There's probably a better chance of Chuck and Di getting back together. The Blazers almost certainly will have to choose between Strickland and Carlesimo before next season. Carlesimo's friendship with billionaire Blazers owner Paul Allen, as well as the three years remaining on his five-year, $7.5 million contract, are important factors in his favor, although buying out his contract would not exactly cause Allen, one of the cofounders of Microsoft, much financial hardship. "All he has to do [to pay off Carlesimo] is sell about 100 shares of Microsoft," Steve Jones says jokingly. "That still leaves him with millions more."
Strickland has never made much of an attempt to mask his feelings about Carlesimo, although he has also never been very specific about the reasons for those feelings. He and other Blazers have referred vaguely to shouting matches in practices, but Carlesimo seems genuinely baffled by Strickland's attitude toward him. "Until these last few weeks I thought we had a more productive relationship than last year," he says. "Was there a huge difference? No. But we had talked about the need to work together as efficiently as we could. This is not to say that he doesn't have some reasons that are very valid in his mind, but at this point I can't say that I have a clear sense of what those reasons are."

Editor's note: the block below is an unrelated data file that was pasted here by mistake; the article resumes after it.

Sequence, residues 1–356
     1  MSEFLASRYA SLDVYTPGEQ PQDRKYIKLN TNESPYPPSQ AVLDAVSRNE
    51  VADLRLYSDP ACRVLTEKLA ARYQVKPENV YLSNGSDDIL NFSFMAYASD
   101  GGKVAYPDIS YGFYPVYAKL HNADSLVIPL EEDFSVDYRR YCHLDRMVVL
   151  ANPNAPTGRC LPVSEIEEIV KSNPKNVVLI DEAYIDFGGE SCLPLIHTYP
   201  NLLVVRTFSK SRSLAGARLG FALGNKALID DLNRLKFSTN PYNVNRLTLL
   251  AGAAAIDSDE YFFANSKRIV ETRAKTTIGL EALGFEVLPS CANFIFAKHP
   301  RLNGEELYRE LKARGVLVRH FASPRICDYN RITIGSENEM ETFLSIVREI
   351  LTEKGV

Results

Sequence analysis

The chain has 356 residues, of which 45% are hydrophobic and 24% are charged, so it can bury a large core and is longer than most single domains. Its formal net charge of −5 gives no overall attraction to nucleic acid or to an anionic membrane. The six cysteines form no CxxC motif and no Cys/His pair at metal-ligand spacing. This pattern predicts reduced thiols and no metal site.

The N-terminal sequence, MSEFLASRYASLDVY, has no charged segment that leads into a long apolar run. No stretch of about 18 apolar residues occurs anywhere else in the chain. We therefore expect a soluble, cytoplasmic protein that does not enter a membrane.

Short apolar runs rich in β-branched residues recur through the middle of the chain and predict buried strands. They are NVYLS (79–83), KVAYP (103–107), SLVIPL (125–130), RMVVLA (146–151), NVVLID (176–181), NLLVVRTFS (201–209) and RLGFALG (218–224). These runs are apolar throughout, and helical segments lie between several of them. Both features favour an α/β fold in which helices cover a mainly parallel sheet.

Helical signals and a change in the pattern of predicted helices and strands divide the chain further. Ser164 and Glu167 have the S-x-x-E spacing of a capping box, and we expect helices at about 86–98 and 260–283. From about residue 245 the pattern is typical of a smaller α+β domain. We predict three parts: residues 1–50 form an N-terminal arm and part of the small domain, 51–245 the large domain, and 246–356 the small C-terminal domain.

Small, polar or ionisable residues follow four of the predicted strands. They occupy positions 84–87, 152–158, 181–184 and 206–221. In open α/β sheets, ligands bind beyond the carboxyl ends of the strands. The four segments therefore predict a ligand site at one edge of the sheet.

What is clear is that Strickland has never been happy for very long with any of his three NBA teams. After being drafted by the New York Knicks in 1988, he complained, probably justifiably, that coach Stu Jackson was not giving him the playing time he deserved, and the Knicks fulfilled his demand to be traded by sending him to San Antonio in the middle of his second season. He became a starter for the Spurs but eventually felt unappreciated and underpaid. He held out for the first 24 games of 1991-92 and left San Antonio at the end of that season to sign with Portland. Given his history and his unwillingness to be specific about how Carlesimo has wronged him, it's fair to wonder whether Strickland, not Carlesimo, is the problem.
The Strickland blowup has been the biggest headache in what has been a difficult two seasons for Carlesimo. In 1994-95, he became the first college coach with no prior NBA experience to finish with a winning record (44-38) in his first NBA season since Cotton Fitzsimmons achieved a 48-34 mark 25 years ago after going from Kansas State to the Phoenix Suns. Nevertheless, Carlesimo has had to deal with the conventional wisdom that college coaches are out of their depth in the NBA, as well as with his own reputation as a coach who barks at his players in practice. "That perception of me as a screamer has been inaccurate from the beginning," Carlesimo says. "I don't think I have all the answers, but I know how to coach, and I think I know how to deal with people, on any level. I think you could go in our locker room right now and not find a player who will tell you I'm in his lace, screaming and yelling every day."